Yes, the old irony is old news. I guess it’s just as well, anyway, because in the area of free speech, now we have the all new irony!

Or is irony just not the right word for plain old cynicism? Well… don’t ask me!

*(Sour grapes warning! But if you can stand the taste, come on in; the dishing’s fine!)

UPDATE: Thanks to Dean for the link. I think that one may criticize my analysis above by suggesting that because of my own personal interest in this case, I am also guilty of the “whose ox is being gored?” syndrome. This may be true, but then I do not claim a comprehensive bailiwick, as the would-be guardians of free speech on the Internet do. I am just one lawyer who has had a few clients with interest in these matters. But I will acknowledge that the experience of representing Steve Brodsky against Jews for Jesus, Inc. and The National Debate against the New York Times has affected my own views, which formerly were biased in favor of trademark and copyright holders — that, and getting beaten up on daily basis for several months on the CYBERIA-L list, largely at the hands of Mike Godwin! So you know — we grow, we learn…

Zediva: The world’s longest extension cord

Originally posted 2012-04-09 16:28:21. Republished by Blog Post Promoter

Matthew David Brozik

Guest blogger Matthew David Brozik

The AP reports that a small California (of course) company thinks it has a brilliant idea, a way to out-Netflix Netflix: Zediva Inc. is going to make available for viewing on subscribers’ Internet devices new movies as soon as they are available on DVD. This is a big deal, because Netflix, for instance, does not do this. Netflix will begin sending physical DVDs of a new movie as soon as the movie comes out on DVD… but the instant viewing option comes later, largely because movie studios want it that way, believing that the ability of consumers to view films instantly at home cuts into DVD sales.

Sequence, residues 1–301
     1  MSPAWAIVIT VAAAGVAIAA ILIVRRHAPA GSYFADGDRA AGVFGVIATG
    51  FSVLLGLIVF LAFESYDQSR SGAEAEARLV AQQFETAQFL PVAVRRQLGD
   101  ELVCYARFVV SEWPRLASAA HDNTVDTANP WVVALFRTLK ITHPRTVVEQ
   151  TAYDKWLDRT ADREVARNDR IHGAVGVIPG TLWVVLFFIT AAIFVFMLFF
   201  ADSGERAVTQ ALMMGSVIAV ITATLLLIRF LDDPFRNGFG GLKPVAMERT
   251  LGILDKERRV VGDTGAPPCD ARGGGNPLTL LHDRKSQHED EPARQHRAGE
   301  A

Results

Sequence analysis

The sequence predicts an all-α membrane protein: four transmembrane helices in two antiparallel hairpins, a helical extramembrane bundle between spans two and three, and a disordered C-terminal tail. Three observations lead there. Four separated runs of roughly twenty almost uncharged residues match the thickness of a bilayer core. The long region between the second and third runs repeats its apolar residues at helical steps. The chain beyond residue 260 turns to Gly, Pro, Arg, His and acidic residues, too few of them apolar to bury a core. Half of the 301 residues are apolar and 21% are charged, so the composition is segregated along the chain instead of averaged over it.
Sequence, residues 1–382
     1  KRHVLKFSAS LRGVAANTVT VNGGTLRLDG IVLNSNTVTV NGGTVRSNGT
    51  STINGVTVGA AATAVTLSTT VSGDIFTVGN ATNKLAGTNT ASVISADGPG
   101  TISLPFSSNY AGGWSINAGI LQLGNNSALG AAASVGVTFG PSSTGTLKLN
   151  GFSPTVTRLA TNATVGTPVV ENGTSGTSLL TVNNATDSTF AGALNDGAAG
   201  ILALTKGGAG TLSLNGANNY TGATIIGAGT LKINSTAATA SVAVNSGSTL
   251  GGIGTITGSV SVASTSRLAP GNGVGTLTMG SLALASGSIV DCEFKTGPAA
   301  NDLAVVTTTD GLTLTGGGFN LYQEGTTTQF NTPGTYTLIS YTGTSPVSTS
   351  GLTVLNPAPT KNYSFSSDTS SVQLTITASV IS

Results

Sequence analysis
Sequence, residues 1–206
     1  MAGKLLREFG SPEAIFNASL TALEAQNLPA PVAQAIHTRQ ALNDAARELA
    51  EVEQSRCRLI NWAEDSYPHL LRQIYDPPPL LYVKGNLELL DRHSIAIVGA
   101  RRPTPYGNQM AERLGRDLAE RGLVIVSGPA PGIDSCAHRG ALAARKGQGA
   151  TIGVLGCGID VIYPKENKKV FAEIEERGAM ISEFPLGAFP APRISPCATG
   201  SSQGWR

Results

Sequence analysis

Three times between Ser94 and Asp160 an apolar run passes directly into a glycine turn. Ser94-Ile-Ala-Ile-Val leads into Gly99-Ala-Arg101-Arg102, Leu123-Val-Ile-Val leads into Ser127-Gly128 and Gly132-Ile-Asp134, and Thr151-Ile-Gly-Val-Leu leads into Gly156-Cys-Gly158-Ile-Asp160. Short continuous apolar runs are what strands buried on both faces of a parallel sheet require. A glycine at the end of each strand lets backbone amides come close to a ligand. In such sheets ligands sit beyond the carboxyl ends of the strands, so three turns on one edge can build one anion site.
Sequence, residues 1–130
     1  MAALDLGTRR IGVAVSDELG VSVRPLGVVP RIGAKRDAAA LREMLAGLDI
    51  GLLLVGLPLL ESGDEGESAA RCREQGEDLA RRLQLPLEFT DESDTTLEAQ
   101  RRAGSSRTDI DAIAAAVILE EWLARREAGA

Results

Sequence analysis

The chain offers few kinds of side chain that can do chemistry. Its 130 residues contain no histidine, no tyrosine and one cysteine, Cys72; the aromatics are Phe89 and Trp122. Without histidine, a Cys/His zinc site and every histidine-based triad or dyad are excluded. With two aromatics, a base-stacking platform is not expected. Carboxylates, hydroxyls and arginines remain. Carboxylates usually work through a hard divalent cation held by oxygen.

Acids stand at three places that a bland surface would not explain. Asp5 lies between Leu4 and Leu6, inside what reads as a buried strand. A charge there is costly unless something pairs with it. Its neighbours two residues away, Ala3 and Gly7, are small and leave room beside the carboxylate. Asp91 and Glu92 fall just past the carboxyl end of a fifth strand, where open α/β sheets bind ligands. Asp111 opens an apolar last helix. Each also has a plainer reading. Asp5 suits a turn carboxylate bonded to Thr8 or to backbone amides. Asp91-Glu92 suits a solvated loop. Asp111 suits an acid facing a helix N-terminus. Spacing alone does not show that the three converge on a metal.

Zediva’s doing something right. But is it wrong?

So just how will Zediva be able to transmit, say, “Yogi Bear” on its March 22, 2012, DVD release date?  Here’s how: Zediva will buy a copy of Yogi Bear on DVD, then play it on a DVD player at its Silicon Valley (of course) headquarters, and send the feed to your home. It’s the equivalent of running a very long cable from Zediva’s DVD player to your television set. Right? Movie studios and lawyers who care about these things say no, it is not. While Zediva asserts that what it is doing (or planning to do imminently) is the equivalent of what Netflix does when it mails out DVDs to subscribers (a scheme permitted by the so-called “first-sale doctrine,” which has allowed libraries to lend books to patrons for hundreds of years), several commentators have already countered that it is more akin to Netflix’s other service, that of streaming.  And a streaming arrangement requires licensing, because streaming isn’t lending a physical copy.  (Some commentators are arguing that streaming somehow inherently infringes on a copyright holder’s exclusive public performance right; I don’t agree.)